September 15, 2010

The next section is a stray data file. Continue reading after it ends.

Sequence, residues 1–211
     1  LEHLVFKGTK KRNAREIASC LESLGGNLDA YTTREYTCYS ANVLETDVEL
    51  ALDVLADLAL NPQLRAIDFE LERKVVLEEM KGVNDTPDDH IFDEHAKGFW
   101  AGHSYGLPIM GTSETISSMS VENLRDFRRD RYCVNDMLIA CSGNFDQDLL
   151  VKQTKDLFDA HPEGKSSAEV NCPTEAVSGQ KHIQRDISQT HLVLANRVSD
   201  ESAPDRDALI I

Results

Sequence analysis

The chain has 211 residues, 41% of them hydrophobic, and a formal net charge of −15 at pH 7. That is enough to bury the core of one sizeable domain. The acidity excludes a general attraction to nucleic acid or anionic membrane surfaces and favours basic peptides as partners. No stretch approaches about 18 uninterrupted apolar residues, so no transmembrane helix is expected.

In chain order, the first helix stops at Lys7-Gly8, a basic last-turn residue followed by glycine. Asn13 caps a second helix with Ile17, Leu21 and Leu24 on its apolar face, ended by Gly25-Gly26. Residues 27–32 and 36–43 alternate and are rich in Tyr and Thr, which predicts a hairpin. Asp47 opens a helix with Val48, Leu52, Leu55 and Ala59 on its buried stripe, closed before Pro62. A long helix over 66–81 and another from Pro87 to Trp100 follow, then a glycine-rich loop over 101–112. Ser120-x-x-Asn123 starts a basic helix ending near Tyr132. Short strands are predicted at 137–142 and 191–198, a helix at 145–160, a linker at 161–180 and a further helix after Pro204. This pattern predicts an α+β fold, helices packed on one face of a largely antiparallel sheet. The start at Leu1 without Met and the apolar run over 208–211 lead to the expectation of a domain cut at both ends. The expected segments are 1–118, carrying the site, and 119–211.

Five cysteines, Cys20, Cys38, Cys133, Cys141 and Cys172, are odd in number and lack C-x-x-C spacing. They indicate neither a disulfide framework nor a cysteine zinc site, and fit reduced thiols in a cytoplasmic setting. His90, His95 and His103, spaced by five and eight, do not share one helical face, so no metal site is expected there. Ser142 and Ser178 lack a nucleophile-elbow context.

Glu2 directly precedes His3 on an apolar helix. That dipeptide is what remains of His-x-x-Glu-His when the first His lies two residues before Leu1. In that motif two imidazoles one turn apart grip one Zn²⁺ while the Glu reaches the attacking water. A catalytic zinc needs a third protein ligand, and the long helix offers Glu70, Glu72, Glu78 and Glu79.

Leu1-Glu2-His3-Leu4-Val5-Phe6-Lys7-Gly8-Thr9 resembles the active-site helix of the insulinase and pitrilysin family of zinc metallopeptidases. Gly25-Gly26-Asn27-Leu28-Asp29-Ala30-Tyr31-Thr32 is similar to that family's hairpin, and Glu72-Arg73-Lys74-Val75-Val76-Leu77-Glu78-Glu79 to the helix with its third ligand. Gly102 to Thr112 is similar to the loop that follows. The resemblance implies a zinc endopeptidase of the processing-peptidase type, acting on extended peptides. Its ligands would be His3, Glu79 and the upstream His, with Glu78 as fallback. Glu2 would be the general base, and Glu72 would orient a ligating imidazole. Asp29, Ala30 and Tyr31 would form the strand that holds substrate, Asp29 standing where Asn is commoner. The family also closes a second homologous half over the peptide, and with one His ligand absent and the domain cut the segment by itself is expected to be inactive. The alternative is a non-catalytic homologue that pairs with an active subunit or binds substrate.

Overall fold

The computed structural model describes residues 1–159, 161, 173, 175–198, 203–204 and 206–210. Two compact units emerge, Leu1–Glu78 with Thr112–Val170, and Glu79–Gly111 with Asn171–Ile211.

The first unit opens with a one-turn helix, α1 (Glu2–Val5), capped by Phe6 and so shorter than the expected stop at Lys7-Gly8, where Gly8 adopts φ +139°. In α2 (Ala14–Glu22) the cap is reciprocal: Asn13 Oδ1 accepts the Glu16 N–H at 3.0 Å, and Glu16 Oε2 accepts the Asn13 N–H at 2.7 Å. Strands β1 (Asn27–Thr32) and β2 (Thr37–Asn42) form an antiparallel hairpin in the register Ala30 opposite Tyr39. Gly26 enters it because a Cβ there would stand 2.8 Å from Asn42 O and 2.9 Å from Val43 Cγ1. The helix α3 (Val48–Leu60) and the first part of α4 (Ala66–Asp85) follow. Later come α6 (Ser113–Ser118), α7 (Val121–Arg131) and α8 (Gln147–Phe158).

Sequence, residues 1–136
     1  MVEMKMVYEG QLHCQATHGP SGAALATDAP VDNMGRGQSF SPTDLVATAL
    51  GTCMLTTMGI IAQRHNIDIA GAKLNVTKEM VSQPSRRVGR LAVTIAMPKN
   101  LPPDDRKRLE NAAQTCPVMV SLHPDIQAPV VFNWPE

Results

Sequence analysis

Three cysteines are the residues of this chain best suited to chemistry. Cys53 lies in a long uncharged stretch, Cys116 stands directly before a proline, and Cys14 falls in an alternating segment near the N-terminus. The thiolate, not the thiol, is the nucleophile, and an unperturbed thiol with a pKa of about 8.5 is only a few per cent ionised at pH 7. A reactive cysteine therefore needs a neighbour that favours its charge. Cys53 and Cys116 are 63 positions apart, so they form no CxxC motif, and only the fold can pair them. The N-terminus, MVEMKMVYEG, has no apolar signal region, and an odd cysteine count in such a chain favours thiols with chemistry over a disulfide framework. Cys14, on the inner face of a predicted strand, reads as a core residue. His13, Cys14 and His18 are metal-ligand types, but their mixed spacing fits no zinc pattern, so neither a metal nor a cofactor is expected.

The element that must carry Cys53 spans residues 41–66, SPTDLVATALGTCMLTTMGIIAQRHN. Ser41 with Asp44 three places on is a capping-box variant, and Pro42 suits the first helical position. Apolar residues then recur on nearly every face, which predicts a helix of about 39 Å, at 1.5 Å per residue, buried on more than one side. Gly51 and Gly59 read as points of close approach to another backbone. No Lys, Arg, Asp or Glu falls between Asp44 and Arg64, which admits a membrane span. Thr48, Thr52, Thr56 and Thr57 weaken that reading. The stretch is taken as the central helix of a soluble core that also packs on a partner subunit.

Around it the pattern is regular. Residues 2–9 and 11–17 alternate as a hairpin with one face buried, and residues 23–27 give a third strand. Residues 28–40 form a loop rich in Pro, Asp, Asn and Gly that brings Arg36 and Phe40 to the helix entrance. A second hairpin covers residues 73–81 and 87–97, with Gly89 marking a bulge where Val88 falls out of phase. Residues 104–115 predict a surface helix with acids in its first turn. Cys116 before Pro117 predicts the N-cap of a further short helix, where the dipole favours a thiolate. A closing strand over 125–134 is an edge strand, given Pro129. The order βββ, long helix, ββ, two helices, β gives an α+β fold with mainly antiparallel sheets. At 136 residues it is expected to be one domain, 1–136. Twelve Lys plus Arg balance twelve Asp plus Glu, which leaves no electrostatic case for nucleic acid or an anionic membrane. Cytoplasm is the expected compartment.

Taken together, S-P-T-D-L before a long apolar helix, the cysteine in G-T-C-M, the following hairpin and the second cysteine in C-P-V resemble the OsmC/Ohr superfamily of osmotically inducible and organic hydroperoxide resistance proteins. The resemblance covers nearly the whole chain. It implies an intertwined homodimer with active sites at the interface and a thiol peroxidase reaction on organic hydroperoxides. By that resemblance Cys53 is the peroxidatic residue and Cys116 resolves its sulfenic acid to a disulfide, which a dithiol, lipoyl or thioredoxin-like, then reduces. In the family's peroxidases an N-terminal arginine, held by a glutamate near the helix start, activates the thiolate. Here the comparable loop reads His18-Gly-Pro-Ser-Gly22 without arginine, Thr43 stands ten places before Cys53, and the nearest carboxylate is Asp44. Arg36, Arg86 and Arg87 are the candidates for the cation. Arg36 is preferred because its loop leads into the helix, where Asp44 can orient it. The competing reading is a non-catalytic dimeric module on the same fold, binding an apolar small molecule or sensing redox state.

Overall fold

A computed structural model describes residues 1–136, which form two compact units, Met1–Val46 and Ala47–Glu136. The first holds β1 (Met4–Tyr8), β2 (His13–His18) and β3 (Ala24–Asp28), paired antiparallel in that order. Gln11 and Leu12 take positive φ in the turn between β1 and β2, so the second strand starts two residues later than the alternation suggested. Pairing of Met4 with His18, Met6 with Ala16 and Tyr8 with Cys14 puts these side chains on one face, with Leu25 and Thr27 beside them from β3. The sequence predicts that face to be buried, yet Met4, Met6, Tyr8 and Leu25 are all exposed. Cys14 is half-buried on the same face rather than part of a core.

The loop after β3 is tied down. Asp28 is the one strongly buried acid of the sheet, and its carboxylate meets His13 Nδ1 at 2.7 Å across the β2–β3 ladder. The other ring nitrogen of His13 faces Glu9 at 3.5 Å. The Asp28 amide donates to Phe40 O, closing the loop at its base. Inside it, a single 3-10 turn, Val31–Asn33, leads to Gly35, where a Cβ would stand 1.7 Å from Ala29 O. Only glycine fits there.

September 15, 2010, Long Beach, CA—The Aquarium of the Pacific is mourning the loss of one of its most beloved animals, a sea otter named Summer. In 1998, she was found stranded off the Northern California coast. Wildlife officials determined she would not be able to survive in the wild due to an aliment that prevented her from keeping warm enough in the ocean. It was then that the Aquarium of the Pacific was asked to provide her permanent care and a home. Despite extensive efforts to diagnose it, experts were never able to determine the exact cause of Summer’s auto immune disease-like condition. She had been seen by countless specialists from otter experts outside of the Aquarium to veterinary dermatologists, and her samples had been evaluated by veterinary dermatopathologists from all over the world. Despite the exhaustive testing, the cause of her condition is still unknown. An immune mediated disease was suspected, but there are no specific tests for this type of disease in sea otters. “We never gave up hope in trying to diagnose and cure Summer. She was greatly loved, and this is a difficult time for staff. We will miss her and hope that a cure will be found to help other otters that may be living with this condition,” said Perry Hampton, Aquarium of the Pacific VP of animal husbandry. Over the past twelve years despite her condition, Summer had led a relatively healthy and apparently happy life with her exhibit mates. Recently, as she had begun to reach old age for a sea otter, her condition became more serious. There were signs that her organ functions were beginning to fail, and it was with heavy hearts that the Aquarium had decided that the most humane choice would be to euthanize her. Hours before the planned procedure, Summer had passed away on her own. Several Aquarium members and staff had known Summer since she arrived to the Aquarium in 1999 and had formed a special bond with her. She will be missed by many.